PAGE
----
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George Clooney as the Fogg’s Conservator? See the Lame Trailer for WW II’s “Monuments Men”

Want to see the trailer for “The Monuments Men,” the George Clooney-directed movie (also starring him, produced by him and co-written by him) about the intrepid band of art historians who rescued European masterpieces from destruction by the Nazis?

Now you can!

Clooney improbably assumes the star role of “Frank Stokes,” a character based on World War I veteran George Stout, who was a leader of the World War II Monument Men. In The Rape of Europa, the definitive, exhaustively researched book on this period, author Lynn Nicholas describes Stout as not only chief of conservation at Harvard’s Fogg Art Museum, but also “the country’s greatest expert on the techniques of packing and evacuation.” The new Hollywood treatment is based (and derives its title from) Robert Edsel‘s book (which, I fear, is destined to be reissued with a movie-star cover).

Of course, I’ll have to see the movie for myself (opens Dec. 18), but I cannot imagine the docudrama’s packing the same power as the more somber 2006 “Rape of Europa” documentary film based on Nicholas’ book, which included moving interviews with those still alive when the movie was being filmed. They included Charles Parkhurst, registrar and curator at the National Gallery of Art in Washington (who later became director of the Baltimore Museum of Art and then assistant director and chief curator at the National Gallery); Bernard Taper, journalist and author; and S. Lane Faison, the art historian who became a legendary Williams College professor. (Faison was not a field officer, but worked in Germany with the OSS Art Looting Investigation Unit, which interrogated Nazis about the plunder.)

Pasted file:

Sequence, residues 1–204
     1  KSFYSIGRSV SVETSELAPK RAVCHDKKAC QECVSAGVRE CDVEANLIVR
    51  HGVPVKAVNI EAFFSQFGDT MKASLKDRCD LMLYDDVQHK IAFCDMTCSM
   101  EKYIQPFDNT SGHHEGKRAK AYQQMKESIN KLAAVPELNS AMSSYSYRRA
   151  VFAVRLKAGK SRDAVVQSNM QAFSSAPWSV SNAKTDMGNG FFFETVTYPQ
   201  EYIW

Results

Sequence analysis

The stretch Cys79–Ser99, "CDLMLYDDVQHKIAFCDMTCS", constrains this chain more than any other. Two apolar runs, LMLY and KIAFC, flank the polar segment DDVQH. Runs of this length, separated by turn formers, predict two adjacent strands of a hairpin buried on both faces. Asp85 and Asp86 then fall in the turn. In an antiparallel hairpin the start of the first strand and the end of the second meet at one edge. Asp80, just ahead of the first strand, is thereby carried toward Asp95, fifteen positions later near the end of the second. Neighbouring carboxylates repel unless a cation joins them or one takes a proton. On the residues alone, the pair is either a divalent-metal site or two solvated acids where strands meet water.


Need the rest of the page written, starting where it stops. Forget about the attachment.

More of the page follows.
As some online commenters have already quipped, the trailer makes this Hollywood “action thriller,” as it’s being touted, look like a World War II version of “Oceans Eleven.” It also stars Clooney’s “Oceans” co-star, Matt Damon, as “James Granger,” a character based on James Rorimer, the curator at the Metropolitan Museum who later went on to become its director.

The trailer opens with this Clooney announcing to Damon, “Time to put a team together and do our best to protect buildings, bridges and art before the Nazis destroy everything.” That sounds like a plan!

We’ll just have to suspend disbelief until December. Hey, I thought Clooney, the son of a journalist, did a decent job as Fred Friendly in “Good Night, and Good Luck”!

an ArtsJournal blog